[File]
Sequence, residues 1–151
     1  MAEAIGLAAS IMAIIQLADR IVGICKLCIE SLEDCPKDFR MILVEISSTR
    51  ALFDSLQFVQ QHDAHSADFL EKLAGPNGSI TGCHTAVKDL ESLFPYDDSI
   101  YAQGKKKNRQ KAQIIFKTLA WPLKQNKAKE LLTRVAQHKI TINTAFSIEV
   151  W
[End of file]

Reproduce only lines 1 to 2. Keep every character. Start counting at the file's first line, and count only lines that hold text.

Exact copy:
Sequence, residues 1–151
     1  MAEAIGLAAS IMAIIQLADR IVGICKLCIE SLEDCPKDFR MILVEISSTR